AN: Good morning/afternoon/whatever time of day it is for you all!

I'm already back with another fanfiction. It seems I'm really inexhaustible in writing Sherlock's fanfictions lately (not that I'm complaining at all, actually). Anyway, I cut it short: this will be an AU story about, well, John and Sherlock. It will be all from John's POV (which, to be honest, was a real challenge, since I'm not used to have a single POV in my stories), but I hope it will be enjoyable nevertheless.

The usual reminder is: I'm not Brit and English is not my native language, so be kind and forgive me in advance (or point it out) if there are any HORRIBLE mistakes in what I'm writing.

Second 'warning': for the first part of the story (it will sort of change later on) they will be in university. I have almost zero knowledge about how an English university works, so I had to use my knowledge about Italian university (but even then it's not completely accurate), so, please, bear up with me if there are things that really don't sound right. Just take it as a very AU part (it won't harm the story later, I promise).

And, as always, comments and reviews are warmly welcomed and throughout appreciated.

All the rights to BBC, all the 'fun' to me.


Professor John H. Watson.

John Watson read the name on the envelope one more time, smiling and frowning at the same time. A completely new experience for him. Professor Watson. That sounded overly weird in his ears, but he guessed he would eventually get used to it. Just not in that particular moment. In that particular moment the name "professor" sounded just weird. That was all. He placed the envelope in the outer pocket of his tatty brown leather briefcase, a relic of his old days as a student (not that old, actually, but it looked like centuries to him) and looked up to the sky.

It was a very gloomy London morning. The sky was totally covered by grey clouds, which seemed to wrap the city in an uncomfortable and cosy atmosphere nevertheless. Everything around him was grey. Grey was the paving of the road. Grey was the surface of the pond. Grey was the shape of the trees in the dim cold grey light of the day. Grey were the cars passing by the busy road. Grey were the buildings surrounding the park. Grey was his jacket, grey his trousers. Grey his state of mind. Everything so permeated with greyness that even the fiery red and yellow of the first autumn leaves had become a pale shadow.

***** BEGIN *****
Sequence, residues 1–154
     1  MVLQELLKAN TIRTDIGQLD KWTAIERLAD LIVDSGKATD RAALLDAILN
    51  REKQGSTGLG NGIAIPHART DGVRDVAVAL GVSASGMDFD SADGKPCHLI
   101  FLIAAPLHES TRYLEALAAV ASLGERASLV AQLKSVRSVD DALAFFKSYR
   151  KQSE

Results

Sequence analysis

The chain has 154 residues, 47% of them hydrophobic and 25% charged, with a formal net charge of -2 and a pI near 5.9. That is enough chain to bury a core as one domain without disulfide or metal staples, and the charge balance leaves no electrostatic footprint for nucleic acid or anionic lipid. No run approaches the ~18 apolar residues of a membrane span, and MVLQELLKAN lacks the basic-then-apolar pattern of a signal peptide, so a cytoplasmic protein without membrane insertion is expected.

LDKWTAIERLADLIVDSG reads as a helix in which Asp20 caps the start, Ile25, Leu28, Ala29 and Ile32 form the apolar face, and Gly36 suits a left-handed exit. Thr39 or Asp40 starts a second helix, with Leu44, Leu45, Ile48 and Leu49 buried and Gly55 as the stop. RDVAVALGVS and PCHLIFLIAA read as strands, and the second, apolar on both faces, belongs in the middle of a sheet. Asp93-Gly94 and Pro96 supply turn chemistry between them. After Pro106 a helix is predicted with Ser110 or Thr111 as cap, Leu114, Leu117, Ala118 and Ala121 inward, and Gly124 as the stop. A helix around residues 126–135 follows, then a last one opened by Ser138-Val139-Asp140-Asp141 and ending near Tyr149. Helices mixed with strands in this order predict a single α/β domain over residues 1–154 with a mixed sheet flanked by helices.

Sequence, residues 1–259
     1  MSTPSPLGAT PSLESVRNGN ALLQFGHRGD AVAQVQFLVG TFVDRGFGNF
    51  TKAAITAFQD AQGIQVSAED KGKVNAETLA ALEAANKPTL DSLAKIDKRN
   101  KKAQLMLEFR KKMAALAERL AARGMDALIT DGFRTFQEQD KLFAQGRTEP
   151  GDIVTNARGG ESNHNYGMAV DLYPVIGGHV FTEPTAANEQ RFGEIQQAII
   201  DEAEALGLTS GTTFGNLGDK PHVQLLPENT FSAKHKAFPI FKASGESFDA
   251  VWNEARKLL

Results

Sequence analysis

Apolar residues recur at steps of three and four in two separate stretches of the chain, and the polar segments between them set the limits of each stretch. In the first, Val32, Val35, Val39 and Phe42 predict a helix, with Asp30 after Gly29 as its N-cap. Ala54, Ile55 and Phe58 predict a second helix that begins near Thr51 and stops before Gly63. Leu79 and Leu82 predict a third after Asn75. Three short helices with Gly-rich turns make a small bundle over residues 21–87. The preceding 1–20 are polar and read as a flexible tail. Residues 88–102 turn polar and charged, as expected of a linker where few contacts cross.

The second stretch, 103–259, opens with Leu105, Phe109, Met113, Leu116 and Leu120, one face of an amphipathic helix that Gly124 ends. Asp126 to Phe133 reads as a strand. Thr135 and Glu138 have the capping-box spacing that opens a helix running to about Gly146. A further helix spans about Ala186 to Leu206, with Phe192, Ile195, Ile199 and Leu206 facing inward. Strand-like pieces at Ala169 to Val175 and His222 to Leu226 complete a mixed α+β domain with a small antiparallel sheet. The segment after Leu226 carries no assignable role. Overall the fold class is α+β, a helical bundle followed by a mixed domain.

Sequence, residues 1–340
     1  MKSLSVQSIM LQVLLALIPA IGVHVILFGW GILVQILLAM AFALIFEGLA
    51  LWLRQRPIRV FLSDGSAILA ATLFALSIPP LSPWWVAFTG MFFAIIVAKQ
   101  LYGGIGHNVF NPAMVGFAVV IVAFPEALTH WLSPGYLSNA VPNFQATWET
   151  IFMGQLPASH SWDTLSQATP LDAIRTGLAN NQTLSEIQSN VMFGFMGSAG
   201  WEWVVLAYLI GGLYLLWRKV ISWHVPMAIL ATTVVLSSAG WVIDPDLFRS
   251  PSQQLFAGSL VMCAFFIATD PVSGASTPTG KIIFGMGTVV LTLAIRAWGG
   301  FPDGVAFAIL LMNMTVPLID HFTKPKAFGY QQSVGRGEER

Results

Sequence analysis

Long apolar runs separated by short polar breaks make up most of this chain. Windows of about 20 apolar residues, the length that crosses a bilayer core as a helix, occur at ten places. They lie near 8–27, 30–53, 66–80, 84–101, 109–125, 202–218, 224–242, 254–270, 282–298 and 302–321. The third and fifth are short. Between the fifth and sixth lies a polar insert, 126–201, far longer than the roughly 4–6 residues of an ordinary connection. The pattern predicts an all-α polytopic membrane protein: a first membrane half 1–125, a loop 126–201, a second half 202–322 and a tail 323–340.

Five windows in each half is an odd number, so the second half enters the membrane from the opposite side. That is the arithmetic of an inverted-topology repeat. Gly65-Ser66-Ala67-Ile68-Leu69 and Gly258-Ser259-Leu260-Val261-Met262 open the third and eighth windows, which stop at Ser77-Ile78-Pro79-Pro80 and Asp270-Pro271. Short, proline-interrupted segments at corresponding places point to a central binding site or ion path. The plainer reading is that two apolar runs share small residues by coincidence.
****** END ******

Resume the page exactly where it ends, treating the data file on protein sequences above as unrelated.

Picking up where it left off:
The air was chilly. A cold, brisk wind made the same leaves twirling as they fell from the branches. It was bloody freezing for a mid-September morning. John Watson huffed, annoyed, and the cloud of hot vapour from his mouth immediately condensed in front of his eyes adding some other grey to the never-ending greyness.

From his park bench, where he had been sitting for the last thirty minutes, John could also clearly hear the ceaseless noise of the cars in the streets surrounding that corner of peace. It was a noise so constant, so perpetual that he should've been used to it. Nevertheless, after three years in Afghanistan, nothing in London, not even that noise, was familiar anymore.

An icy raindrop hit his nose all of a sudden. Three swans spread their wings and flew away from the pond, seeking refuge in the bushes nearby. Other raindrops followed the first, hitting John's hands, his hair, his face. They were as icy as the wind, as grey as the sky. He glanced at the watch. Seven thirty a.m. His first lesson started at ten, he knew that, but he had woken up at five, nervous. And he hadn't managed to go back to sleep. So he had gone out at six thirty and roamed around the city for a while before stopping on that bench. He was starting to feel cold and thus rubbed his palms against each other. After the tenth raindrop hit his neck, he decided that it was time to open his umbrella and finally move to the university.

He skimmed through his briefcase and took out his umbrella. He couldn't even remember for how much time he had got it. It was faded, a bit rugged, dirty and…grey. Like everything else around. Like him. Professor John Watson sighed and stood up, opened the umbrella and started to walk.

As soon as he did it, the raindrops transformed in proper rain, a falling cascade of water down on his umbrella, washing his mind away. The rain hit the pond's surface, rippling it. Some ducks dived underwater as they were trying to escape the cold shower by bathing in the warmer water of the pond. For it had to be warmer, John thought. Artificial ponds like that had always rather warm water at the end of the summer, as they preserved the memory of August's hot days in them; differently from the water pouring down from the sky, already an anticipation of a more than likely very cold autumn.